In 1980, he began writing a biweekly political column in addition to the five-days-a-week economic column he started in 1975. He continued to write both until he retired from Southam in 1992. And from 1980 until five years past his official retirement, he wrote a column called “Lingo” that delved into the intricacies of the English language. His economics pieces were always tightly and clearly written and educational. In “How govt. gets, spends its cash,” McGillivray discussed the budget with a clarity that even people without an economics background could understand. “Where does the federal government get its money?” he wrote. “More than 50 cents out of every revenue dollar comes from the personal income tax. Ten cents comes from the tax on company profits. Twenty-five cents comes from excise and sales taxes, levied on commodities…The only other important part is the nine cents in the dollar from investments… Nine plus 25 plus 10 plus 50 is 94 cents. The other six cents comes… from various minor sources.” This was the style of writing that impressed his readers and colleagues. “He made his reputation, justifiably, on his knowledge of how the Canadian economic system worked,” says Nagle, “and he took political and economic journalism to a new level by providing that kind of reporting and commentary to a much larger group of people because his column appeared in every Southam newspaper.”
McGillivray took pride in his writing, but never sounded self-important. “A vast amount of the material available to an economic columnist is flim-flam put out to advance the interests, not of ordinary people, but of some organization or other,” he wrote in 1984. “A columnist has the choice of retailing the flim-flam or trying to expose it. I’ve tried to expose it, not always successfully.”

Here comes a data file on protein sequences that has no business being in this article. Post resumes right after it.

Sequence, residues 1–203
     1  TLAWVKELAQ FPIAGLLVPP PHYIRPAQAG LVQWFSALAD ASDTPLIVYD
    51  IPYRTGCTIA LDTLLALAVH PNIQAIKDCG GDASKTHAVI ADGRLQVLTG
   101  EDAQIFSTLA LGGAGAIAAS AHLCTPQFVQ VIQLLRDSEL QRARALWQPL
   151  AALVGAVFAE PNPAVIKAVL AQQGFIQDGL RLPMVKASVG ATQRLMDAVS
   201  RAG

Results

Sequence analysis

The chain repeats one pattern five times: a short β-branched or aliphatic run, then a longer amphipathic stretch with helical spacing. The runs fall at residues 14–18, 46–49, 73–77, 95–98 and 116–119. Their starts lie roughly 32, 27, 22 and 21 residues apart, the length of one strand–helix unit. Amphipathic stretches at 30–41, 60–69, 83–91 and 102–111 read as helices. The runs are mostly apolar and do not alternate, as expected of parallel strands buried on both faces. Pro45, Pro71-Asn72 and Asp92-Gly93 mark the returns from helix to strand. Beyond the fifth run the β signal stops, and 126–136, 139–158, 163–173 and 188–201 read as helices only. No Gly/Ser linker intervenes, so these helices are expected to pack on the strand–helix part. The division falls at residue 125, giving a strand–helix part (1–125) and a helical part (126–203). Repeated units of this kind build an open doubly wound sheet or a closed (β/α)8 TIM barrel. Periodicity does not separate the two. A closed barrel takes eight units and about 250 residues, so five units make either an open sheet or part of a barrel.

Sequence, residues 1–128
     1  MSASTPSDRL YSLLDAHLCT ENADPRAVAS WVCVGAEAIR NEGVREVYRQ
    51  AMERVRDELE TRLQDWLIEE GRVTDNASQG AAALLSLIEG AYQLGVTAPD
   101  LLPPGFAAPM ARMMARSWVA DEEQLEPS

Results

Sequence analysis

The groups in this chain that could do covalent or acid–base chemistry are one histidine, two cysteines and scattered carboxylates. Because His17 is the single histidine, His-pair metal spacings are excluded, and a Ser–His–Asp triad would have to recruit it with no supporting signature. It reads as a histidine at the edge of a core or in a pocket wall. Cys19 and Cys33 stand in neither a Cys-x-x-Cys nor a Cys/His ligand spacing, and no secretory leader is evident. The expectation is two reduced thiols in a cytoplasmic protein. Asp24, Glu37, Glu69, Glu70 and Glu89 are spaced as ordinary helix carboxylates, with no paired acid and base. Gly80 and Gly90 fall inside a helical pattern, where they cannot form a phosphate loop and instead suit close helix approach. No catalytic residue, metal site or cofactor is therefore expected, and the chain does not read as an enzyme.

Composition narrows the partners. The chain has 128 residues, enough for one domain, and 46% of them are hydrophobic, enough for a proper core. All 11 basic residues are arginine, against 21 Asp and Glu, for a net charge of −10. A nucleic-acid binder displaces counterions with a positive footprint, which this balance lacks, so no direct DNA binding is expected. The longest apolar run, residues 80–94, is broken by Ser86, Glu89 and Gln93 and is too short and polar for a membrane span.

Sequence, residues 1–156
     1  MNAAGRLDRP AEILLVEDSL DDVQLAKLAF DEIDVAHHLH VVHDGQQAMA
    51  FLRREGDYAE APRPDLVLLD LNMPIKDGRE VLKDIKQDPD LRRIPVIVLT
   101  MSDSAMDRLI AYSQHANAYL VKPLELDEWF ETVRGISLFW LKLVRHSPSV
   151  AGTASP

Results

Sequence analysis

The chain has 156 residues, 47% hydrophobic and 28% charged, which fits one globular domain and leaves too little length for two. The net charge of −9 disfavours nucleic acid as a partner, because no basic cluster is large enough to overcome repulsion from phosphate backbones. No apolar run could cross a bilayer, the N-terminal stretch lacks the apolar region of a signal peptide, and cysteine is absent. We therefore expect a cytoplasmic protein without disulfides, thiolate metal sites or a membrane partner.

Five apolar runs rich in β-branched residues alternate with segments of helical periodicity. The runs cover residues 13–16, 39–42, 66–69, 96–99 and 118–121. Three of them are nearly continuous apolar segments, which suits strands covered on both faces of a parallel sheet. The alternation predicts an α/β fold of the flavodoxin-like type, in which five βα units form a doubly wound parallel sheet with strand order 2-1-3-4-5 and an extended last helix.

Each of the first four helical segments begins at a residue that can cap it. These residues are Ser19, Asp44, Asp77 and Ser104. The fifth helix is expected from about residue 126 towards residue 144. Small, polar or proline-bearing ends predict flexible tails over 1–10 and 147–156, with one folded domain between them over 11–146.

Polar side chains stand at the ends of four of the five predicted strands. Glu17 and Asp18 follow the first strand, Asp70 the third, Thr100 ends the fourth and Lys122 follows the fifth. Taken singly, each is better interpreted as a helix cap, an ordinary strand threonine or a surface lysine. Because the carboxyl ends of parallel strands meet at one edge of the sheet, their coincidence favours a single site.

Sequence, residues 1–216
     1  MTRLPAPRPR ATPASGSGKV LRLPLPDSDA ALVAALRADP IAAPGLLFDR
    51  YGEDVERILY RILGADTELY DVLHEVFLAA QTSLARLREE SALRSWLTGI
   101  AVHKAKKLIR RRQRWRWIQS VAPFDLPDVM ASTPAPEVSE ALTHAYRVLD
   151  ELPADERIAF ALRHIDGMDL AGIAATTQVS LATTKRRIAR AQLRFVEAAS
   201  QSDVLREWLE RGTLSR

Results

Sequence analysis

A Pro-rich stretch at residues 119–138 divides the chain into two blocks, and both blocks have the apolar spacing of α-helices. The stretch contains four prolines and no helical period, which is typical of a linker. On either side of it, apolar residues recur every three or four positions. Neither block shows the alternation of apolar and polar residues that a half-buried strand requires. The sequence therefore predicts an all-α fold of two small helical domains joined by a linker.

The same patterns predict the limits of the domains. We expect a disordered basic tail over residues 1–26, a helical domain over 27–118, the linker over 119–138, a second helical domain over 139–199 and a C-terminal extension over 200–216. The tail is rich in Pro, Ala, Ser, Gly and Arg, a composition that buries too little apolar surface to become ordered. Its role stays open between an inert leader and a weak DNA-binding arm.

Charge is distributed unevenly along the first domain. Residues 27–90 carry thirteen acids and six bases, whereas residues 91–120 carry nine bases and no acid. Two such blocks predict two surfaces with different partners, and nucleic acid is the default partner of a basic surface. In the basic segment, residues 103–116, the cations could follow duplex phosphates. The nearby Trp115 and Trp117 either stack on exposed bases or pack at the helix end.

As a teacher though, McGillivray was an unqualified success. In 1980, he went to work at Montreal’s Concordia University as a professor of economic and business writing. Understanding that students learn better when fed, he served coffee and doughnuts. McGillivray rarely ate sweets himself and instead lived by his own words of wisdom: “Man cannot live by bread alone. He needs a bit of cottage cheese, ketchup and HP sauce too.” He also refused to eat any kind of poultry because he’d eaten too much chicken as a child. In 1982, McGillivray started teaching a fourth-year business reporting course at Carleton University and always came to class with food. But fellow professor Peter Johansen would not be outdone: “We were always upping each other so that by the end of the term we were practically bringing whole meals to class – cold cuts, breads, mustard and all the rest of it.